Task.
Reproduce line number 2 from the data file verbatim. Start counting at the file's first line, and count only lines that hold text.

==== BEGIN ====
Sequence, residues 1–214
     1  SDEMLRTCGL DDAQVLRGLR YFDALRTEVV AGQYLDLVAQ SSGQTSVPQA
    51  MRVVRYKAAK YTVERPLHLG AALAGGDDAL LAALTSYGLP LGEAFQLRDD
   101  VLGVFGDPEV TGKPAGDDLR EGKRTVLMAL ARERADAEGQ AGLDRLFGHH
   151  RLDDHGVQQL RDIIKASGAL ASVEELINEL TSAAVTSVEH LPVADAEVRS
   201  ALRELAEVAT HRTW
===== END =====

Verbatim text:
     1  SDEMLRTCGL DDAQVLRGLR YFDALRTEVV AGQYLDLVAQ SSGQTSVPQA